Rooted deep in American culture is the “American Dream” — an inherent desire to elevate status, climb higher, and achieve success. It’s coupled with a constant emphasis on success and status in the media, with more people than ever able to access and attain luxury products and experiences regardless of wealth. Brands have the power to play an enormous role.
For Uber, the play was obvious. Traditional car service was a luxury that few could afford. It left a large socioeconomic class with little option but to rely on mainstream transportation -- taxi cabs, buses, and trains. The comfort, cleanliness, quietness, ease, privacy, image and access of traditional car service was coveted by some if not many. But cost made it inaccessible.
Uber essentially took the traditional car service and coupled it with taxi cab prices. Suddenly, the traditional car service experience was available to everyone. That is what made people originally adopt to Uber.
Consumers are proud of who they are, and they are often proud of their choices. They associate the brands that they buy as a reflection of who they are and their status or place in the world. Often times this happens at a subconscious level.
Suddenly, the traditional car service experience was available to everyone. That is what made people originally adopt to Uber.
The tech industry tends to assume consumer choice is always about the technology itself, the ease of use or access. These can be (and often are) key drivers. But this human element is often far more of a motivator and it can’t be ignored.
As Uber lowered the standards of its service and brand experience, it demoted itself to the level of its main competitor in the consumer’s eyes - the taxi cab.
It also enabled its secondary adversary - the traditional car service - with an opportunity to rise. That’s because the more dirty, beaten down cars and unprofessional driver behavior became part of Uber, the more Uber was no different than a taxi to the consumer, and no similar to a traditional car service.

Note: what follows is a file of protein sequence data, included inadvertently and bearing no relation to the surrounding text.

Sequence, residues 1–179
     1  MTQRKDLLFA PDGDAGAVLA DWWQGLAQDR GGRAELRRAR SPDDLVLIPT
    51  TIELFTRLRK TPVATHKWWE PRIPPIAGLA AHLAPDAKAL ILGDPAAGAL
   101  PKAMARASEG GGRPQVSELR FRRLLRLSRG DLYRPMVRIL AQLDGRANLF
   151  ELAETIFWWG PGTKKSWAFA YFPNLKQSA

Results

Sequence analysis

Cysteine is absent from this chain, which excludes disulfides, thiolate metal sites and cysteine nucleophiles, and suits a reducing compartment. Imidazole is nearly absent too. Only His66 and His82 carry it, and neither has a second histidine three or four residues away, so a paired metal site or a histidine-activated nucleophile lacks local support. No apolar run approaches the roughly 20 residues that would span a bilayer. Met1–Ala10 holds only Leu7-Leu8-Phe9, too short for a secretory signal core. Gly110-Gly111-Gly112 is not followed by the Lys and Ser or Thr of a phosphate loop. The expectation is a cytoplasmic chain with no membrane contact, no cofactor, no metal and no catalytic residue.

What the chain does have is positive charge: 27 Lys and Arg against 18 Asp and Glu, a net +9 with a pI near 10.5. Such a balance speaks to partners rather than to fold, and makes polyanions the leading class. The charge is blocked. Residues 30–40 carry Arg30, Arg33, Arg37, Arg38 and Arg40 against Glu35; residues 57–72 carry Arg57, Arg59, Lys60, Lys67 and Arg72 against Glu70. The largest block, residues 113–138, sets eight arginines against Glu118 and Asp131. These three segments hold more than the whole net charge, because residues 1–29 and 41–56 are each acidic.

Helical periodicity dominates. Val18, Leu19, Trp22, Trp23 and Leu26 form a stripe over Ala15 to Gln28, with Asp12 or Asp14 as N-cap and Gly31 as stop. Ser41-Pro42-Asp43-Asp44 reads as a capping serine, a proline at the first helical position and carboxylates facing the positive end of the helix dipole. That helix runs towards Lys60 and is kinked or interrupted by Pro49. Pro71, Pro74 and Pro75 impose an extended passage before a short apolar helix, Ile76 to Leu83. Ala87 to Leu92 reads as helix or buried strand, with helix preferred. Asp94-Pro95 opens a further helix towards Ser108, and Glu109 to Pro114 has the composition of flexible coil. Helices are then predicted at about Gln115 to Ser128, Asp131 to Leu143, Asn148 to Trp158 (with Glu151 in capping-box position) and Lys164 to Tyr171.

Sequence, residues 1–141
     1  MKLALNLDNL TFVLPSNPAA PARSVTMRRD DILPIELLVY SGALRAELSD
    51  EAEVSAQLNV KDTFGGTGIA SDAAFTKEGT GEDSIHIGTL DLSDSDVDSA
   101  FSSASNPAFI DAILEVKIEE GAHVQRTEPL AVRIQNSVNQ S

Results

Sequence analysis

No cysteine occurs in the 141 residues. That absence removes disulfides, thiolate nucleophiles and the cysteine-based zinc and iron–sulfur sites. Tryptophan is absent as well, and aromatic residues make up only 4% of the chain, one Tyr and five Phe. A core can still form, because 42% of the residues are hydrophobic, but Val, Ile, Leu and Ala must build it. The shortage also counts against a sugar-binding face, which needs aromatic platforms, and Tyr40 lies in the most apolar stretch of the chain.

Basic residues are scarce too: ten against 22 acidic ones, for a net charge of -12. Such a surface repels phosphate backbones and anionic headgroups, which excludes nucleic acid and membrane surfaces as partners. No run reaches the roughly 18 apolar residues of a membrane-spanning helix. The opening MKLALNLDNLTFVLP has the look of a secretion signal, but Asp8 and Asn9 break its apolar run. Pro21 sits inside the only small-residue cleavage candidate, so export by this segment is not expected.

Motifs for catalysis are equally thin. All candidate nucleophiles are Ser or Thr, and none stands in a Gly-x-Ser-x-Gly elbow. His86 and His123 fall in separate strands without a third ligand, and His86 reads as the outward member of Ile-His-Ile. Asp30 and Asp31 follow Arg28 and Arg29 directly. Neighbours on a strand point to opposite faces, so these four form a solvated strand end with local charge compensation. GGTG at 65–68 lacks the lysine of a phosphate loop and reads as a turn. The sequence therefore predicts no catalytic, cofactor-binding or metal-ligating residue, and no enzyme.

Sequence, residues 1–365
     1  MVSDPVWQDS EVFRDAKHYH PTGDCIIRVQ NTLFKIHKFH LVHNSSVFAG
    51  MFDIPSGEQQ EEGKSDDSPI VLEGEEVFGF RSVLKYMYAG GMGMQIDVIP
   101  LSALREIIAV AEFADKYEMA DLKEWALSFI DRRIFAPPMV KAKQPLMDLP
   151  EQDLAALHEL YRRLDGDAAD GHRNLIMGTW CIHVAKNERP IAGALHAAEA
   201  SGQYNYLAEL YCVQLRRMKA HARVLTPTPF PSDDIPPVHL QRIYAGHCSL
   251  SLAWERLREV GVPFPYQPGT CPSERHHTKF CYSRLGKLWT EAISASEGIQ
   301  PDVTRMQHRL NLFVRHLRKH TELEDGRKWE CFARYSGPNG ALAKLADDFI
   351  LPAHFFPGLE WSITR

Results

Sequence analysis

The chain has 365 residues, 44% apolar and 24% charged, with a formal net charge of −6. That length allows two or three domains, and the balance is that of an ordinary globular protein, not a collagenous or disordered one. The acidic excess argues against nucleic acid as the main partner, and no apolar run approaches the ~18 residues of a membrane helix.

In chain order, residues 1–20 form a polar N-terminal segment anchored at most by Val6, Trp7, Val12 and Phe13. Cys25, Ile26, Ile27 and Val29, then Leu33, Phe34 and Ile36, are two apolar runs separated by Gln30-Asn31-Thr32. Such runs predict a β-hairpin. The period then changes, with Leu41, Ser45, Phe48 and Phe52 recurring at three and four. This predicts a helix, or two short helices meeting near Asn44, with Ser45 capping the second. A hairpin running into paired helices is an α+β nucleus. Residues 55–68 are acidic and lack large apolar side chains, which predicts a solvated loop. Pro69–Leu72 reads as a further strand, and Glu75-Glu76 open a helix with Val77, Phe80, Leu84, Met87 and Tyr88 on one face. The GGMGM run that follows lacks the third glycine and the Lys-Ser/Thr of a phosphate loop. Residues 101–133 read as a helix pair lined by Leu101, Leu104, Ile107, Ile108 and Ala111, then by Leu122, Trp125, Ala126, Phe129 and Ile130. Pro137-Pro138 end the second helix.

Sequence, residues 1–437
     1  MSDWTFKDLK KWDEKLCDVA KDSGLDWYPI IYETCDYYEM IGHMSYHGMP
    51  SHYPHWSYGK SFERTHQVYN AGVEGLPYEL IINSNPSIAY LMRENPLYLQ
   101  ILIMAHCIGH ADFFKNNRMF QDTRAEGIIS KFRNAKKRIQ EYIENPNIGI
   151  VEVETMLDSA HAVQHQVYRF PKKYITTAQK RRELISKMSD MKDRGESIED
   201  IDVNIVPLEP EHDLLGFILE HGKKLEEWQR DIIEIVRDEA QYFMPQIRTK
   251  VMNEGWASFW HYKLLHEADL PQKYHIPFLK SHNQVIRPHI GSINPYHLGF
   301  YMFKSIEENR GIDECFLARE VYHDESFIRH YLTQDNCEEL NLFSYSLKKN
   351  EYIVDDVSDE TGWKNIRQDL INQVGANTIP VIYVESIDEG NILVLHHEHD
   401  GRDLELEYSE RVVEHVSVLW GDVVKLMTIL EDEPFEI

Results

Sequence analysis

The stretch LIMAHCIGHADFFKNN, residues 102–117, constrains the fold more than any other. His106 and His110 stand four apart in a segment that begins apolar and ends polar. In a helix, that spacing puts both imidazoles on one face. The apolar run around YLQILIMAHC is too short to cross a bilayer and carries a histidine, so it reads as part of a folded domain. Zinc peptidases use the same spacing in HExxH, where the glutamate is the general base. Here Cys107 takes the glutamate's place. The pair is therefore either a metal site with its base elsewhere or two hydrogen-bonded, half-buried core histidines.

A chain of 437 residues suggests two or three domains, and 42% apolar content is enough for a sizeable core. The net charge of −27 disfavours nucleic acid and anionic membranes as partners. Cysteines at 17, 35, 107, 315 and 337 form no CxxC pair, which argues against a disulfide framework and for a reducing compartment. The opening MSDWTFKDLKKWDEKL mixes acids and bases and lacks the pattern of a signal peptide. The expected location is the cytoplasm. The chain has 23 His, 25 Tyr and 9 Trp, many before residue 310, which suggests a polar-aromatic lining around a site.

Now, the company is in a tailspin trying to quickly recover its brand. If its turnaround doesn’t include the human element that made Uber succeed in the first place, Uber may as well not bother. Consumers aren’t just looking for an easier way to access a taxi when they download the Uber app. They’re looking for a more comfortable, stylish way to get around at a price they can afford.
If Uber can keep this in mind in its effort to turn itself around, these 9 improvements will help.
1. Leadership and Executive Revamp.
Reckless and irresponsible behavior seems to be applauded by Uber’s industry. But for the consumer, there is a fine line between renegade and criminal no matter how “cool” or “necessary” the industry feels it might be. Uber’s executive and leadership have repeatedly hovered over questionable -- and it’s hurt the brand. A leadership and executive makeover including putting highly mature, reputable and responsible adults in place will redirect the company’s signal at the top. It’ll set the image that things can improve.
2. Raised Driver Standards.
Even Uber drivers talk about Uber’s lax background checks. Uber needs to remember that consumers must trust that drivers are safe and professional at Uber. A scoring standard or other program for onboarding drivers can send a message to consumers that Uber and its drivers are high quality and most of all, can be trusted.
3. Be Like The Big Boys And Girls.